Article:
Flu-related illnesses have claimed the lives of another 12 North Carolinians, including the first individual in the four-and-under age group, the N.C. Division of Public Health reported Thursday.
Nine deaths were reported for the week that ended Feb. 8, along with three deaths from previous weeks. There have been 75 deaths reported for the 2019-20 flu season.
Of the additional deaths, six were for individuals ages 65 and older, along with three ages 50 to 64, two ages 25 to 49 and one in the 0-to-4 age group.
The number of reported cases of flu increased by 23% during the week that ended Feb. 8 compared with the previous week. For the 2019-20 flu season, DHHS extended the reporting period to be completed with the week that ends May 16.
The N.C. Department of Health and Human Services cautions the weekly report count does not represent all flu-associated deaths in the state because many go undiagnosed or unreported.
The division does not release a victim’s hometown, county, age or gender for privacy reasons.
Of the 75 who have died in this season to date, 43 were 65 or older, 18 were ages 50 to 64, 12 were ages 25 to 49, one ages 5 to 17 and one ages 0 to 4.
North Carolina has not been listed among the 19 states, including Georgia, South Carolina, Tennessee and Virginia, considered as reporting high levels of flu.
All of the Triad’s main hospital systems began prohibiting visitors 12 and younger on Jan. 8 “due to a steady increase in flu in our community and in our hospitals because of the risk of flu.” Those hospitals include Moses Cone, Forsyth and Wake Forest Baptist medical centers.
Restrictions do not apply to children who seek emergency care or are patients. Exceptions may also be made in special circumstances, such as visiting a dying family member.
There was a seasonal peak of 7,070 flu-like cases reported in N.C. last week, up from 5,754 during the week that ended Feb. 1 and 4,720 during the week that ended Jan. 25.
“There are some indications we’re getting close to peak in the Triad region,” Dr. Christopher Ohl, infectious disease expert at Wake Forest Baptist, said last week.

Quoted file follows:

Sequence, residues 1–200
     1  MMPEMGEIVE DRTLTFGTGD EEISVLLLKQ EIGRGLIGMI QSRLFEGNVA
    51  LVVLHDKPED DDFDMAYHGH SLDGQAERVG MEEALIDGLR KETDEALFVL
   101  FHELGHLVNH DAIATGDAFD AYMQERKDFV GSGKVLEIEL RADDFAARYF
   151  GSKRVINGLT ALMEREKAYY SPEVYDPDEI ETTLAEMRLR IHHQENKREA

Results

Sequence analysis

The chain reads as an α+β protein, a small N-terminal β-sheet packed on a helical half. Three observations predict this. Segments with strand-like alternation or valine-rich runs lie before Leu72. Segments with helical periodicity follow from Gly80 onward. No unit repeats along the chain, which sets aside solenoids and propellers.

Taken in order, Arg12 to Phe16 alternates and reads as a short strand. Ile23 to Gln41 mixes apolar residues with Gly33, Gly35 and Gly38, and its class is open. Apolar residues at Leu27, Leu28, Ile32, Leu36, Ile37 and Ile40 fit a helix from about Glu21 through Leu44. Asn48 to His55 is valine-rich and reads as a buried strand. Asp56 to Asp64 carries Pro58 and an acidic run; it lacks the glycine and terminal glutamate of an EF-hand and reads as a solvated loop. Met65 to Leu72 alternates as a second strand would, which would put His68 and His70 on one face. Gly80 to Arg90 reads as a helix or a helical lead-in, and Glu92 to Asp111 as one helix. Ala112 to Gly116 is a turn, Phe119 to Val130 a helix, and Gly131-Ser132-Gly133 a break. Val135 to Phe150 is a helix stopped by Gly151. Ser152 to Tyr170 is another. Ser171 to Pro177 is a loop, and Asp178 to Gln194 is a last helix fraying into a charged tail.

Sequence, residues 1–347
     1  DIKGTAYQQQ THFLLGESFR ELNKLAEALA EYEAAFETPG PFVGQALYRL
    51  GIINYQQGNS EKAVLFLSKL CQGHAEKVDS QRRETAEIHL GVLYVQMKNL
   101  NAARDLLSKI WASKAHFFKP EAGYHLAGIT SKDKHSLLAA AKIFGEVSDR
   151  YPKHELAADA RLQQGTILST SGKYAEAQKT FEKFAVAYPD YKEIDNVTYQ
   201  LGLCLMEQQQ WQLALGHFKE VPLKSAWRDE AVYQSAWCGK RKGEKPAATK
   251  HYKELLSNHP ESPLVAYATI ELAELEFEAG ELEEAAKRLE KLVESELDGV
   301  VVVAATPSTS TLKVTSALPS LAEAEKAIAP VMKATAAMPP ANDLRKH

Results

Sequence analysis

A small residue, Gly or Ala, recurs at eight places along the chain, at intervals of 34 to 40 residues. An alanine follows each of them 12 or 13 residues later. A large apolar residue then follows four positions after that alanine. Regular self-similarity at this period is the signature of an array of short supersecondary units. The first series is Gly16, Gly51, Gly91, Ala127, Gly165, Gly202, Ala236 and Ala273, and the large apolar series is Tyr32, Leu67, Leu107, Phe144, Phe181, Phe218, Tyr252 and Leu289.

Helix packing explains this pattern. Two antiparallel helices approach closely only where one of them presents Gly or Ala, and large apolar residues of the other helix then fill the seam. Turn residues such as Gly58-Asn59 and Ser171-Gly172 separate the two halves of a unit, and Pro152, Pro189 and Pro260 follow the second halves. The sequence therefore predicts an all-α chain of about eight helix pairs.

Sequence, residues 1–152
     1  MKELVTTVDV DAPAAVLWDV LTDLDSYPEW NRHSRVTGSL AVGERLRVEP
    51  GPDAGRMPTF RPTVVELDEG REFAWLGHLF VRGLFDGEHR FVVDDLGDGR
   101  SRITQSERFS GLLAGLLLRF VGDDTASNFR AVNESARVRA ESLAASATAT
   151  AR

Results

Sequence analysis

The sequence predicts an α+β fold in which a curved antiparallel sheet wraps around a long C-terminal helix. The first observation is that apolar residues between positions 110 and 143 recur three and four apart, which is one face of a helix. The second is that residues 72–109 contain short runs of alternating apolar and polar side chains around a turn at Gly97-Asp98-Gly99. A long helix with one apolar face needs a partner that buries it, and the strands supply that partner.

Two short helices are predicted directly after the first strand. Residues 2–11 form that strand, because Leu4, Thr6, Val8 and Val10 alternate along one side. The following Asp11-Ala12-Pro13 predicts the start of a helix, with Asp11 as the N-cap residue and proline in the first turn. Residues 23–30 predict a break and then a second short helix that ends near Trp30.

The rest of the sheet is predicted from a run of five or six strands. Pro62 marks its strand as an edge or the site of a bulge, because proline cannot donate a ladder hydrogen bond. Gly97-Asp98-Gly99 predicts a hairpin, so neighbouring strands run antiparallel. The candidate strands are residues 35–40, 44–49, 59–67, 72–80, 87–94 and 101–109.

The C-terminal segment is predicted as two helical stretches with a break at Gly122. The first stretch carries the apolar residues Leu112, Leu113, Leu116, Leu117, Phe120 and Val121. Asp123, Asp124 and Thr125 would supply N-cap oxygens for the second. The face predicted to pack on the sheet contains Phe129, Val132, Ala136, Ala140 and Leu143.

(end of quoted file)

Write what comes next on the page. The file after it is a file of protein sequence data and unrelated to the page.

“However, infections are still occurring, and we’re not totally out of the woods just yet.”
Walgreens, which has been issuing a weekly flu index during the 2019-20 flu season, said the Raleigh-Cary metro area is ranked fifth in the nation for current flu activity, while North Carolina is ninth among the 50 states.
A Centers for Disease Control and Prevention spokesman has said one reason why the flu season has been more virulent this time is because it’s the first time since 1992-1993 that influenza B has been identified more often than influenza A nationally.
In North Carolina, there have been 3,256 confirmed cases of influenza B, compared with 2,738 influenza A, 917 of 2009 A(H1N1) and 29 of A(H3).
At this time of the flu seasons, there were 58 deaths in 2018-19, 213 in 2017-18, 36 in 2016-17, three in 2015-16, 162 in 2014-15 and 68 in 2013-14.
Altogether, there were 208 flu-related deaths in the 2018-19 season for N.C., as well as 391 in 2017-18, 218 in 2016-17, 60 in 2015-16, 219 in 2014-15 and 107 in 2013-14.
Vaccine is recommended for those age 6 months and older.
Besides the elderly, other vulnerable groups are children younger than 5, pregnant women, people with pre-existing medical conditions, and residents of nursing homes and other long-term care centers.